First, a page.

2) Proposition

Citizens or their delegates can propose ideas, comment and vote on each others’ ideas. They discuss local priorities and develop concrete projects.

3) Selection

The city collects and assesses citizens’ ideas. To do so, elected representatives visit all the proposed project sites and evaluate their social needs based on the quality of life index and their costs. Then, the budget council comes back to its citizens with a selection of finale proposals and feedback about their ideas.

4) Voting

Citizens vote and comment on the final proposals of the city.

5) Consensus

The budget council collects the vote and comes up with a final budget recommendation.

6) Approval

The final budget is sent to the Mayor’s Office which approves it or not. If approved, the final budget is sent to the municipal legislature for its final approval.

7) Implementation

Once the budget is approved by all, the budget council makes sure it is implemented by city agencies or outside contractors. It must approve the technical plans and contracts. Some projects will be implemented by the end of the year but some other larger projects may take several years to implement.

8) Monitoring

The budget council monitors the on-site projects’ implementation. Meanwhile, the city keeps its citizens in the loop. To do so,  it allows them to monitor the implementation of the projects, publishes the allocation of the public spending both offline and online and a year-end report detailing the projects’ implementation.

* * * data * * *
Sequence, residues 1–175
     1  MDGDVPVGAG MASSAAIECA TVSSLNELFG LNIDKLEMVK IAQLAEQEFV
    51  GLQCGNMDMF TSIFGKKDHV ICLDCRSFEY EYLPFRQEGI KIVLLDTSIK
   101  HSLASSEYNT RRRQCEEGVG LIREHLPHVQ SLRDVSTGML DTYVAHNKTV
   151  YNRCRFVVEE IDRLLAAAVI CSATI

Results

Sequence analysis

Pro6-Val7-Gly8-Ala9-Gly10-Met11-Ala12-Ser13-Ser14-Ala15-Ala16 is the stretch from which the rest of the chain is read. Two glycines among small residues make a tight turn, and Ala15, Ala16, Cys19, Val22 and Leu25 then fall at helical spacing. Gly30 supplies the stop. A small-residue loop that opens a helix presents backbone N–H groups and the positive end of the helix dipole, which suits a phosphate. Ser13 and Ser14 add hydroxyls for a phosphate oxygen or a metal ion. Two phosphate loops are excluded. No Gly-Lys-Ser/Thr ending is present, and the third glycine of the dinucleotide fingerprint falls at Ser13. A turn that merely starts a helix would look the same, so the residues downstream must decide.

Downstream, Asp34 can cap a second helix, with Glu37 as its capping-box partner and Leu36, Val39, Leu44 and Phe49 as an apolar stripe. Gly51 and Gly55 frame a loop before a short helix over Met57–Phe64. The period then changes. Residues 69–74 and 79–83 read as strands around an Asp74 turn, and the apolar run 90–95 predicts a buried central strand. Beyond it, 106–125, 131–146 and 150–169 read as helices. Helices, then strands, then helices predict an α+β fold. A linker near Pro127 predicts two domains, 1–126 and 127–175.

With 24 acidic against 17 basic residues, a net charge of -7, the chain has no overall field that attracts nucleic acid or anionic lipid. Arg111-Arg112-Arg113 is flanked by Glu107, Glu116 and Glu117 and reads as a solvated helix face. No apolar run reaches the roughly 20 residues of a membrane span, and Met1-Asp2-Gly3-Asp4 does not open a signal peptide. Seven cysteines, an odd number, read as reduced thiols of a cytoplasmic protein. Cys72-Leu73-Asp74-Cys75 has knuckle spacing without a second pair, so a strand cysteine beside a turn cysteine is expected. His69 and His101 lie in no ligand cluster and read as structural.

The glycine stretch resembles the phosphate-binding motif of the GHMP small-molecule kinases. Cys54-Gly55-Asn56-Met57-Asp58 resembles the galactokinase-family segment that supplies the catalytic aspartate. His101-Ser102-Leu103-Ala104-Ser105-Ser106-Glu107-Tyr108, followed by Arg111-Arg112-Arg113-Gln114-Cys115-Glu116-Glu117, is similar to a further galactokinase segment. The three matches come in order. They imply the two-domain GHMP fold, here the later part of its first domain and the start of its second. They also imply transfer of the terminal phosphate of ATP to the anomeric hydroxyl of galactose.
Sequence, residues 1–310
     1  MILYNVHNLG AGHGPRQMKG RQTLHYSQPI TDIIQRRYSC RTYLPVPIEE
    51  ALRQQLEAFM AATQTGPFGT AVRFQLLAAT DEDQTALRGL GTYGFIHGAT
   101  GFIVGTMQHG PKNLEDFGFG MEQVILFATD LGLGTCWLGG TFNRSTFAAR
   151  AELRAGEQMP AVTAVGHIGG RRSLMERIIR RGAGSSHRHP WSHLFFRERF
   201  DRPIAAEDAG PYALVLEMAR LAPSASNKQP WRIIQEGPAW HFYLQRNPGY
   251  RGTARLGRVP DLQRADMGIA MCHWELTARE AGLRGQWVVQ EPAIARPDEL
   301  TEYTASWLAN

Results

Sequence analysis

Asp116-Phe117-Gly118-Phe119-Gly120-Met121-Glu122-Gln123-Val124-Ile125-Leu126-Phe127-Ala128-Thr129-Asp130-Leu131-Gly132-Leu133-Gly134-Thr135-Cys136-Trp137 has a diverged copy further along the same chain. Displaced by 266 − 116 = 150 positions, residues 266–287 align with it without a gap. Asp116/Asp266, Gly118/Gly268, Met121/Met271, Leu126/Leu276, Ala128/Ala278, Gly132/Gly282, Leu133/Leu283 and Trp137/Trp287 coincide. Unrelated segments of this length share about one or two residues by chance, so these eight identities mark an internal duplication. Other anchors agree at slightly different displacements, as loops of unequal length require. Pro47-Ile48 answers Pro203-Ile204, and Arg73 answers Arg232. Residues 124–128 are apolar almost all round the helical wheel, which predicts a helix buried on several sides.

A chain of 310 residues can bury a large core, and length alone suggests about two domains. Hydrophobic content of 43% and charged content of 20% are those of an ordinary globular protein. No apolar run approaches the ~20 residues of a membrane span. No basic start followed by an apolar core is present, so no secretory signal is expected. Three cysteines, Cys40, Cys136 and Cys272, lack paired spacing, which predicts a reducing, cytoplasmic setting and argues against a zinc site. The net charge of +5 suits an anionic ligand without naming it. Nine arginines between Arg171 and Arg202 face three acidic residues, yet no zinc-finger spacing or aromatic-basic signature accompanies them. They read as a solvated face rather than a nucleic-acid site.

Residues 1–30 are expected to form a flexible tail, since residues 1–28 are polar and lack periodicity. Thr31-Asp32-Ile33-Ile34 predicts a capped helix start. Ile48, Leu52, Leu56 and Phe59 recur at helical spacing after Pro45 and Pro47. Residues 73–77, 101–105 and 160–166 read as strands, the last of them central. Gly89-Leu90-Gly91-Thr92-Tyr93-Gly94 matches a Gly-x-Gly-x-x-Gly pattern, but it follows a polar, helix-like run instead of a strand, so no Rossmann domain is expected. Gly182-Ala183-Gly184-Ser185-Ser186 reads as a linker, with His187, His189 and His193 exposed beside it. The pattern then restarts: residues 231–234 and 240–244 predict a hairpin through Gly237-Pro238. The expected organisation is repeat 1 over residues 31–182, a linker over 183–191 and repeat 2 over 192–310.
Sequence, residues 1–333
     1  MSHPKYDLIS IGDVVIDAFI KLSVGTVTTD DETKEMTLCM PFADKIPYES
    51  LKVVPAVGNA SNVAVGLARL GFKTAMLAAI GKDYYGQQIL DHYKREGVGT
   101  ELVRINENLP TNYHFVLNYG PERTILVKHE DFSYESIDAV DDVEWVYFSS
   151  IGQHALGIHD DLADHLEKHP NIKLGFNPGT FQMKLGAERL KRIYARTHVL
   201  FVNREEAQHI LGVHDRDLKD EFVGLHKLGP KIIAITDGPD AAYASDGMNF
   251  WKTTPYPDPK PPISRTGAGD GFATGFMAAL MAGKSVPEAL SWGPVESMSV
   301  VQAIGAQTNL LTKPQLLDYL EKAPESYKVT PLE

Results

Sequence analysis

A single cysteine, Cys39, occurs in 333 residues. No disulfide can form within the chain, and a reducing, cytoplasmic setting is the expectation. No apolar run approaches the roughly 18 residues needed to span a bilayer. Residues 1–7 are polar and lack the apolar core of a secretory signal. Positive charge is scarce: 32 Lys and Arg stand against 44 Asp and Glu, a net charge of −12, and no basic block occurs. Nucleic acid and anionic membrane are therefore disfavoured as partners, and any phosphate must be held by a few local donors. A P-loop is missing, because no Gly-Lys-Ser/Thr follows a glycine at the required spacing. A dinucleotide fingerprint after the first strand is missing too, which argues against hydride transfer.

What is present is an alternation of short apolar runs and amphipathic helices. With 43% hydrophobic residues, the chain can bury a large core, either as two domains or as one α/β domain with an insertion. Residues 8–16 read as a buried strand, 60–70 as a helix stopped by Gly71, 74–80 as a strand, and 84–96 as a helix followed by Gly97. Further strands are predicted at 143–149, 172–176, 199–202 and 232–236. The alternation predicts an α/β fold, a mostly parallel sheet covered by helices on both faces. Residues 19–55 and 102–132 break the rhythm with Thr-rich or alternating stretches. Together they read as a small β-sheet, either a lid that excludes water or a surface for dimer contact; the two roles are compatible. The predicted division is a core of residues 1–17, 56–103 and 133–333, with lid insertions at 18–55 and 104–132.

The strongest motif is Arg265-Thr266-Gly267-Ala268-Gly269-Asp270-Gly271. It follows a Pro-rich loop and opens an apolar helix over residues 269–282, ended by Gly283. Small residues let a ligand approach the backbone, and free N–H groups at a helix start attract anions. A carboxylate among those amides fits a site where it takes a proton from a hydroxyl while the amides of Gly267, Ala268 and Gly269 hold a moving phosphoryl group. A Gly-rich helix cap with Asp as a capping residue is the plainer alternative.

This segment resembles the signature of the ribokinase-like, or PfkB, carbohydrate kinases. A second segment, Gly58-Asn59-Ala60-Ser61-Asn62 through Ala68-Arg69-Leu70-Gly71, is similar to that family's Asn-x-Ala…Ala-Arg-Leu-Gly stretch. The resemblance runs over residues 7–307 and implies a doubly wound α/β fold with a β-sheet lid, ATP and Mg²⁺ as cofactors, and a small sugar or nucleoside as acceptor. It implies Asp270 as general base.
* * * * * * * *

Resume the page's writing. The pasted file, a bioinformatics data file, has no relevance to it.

This guideline is derived from the first participatory process of Porto Alegre (1,000,000 inhabitants), Brazil.

Example: Participatory Budgeting in New York City Council

New York City has the largest participatory budget of the United States both in terms of participants and budget amount. The first budget was introduced in 4 Council Districts in 2011, and in 2016, 24 Council Districts have  adopted it.The total amount of capital discretionary funds allocated is $25 Millions which means around $1 or $2 millions by Council Districts. Also, the participatory budgeting process follows our timeline from September to April, implementation excluded.

So far, 40,539 citizens have participated including 18,576 only this year. Regarding participant eligibility, every citizens can propose ideas but only the district stakeholders aged 14 and up can develop proposals. Also, only district residents of 16 y.o. and up can vote for proposals.

In order for this impressive participatory budgeting to happen, city councils used tech tools such as Shareabouts by OpenPlans, Placemaps by Project for Public SpacesGoToWebinar and many other platforms such as GISmapping or Google Apps.

Key Learnings

The success of New York City shows that cities have to meet the conditions and follow the steps to implement their own participatory budget. It should be a year-long process involving several meetings and public deliberation. Also is they want to repeat the process, cities must be accountable and give feedback to their citizens. Lastly, they must keep in mind that discretionary funds are essential along with using the right tech tools to engage with their citizens.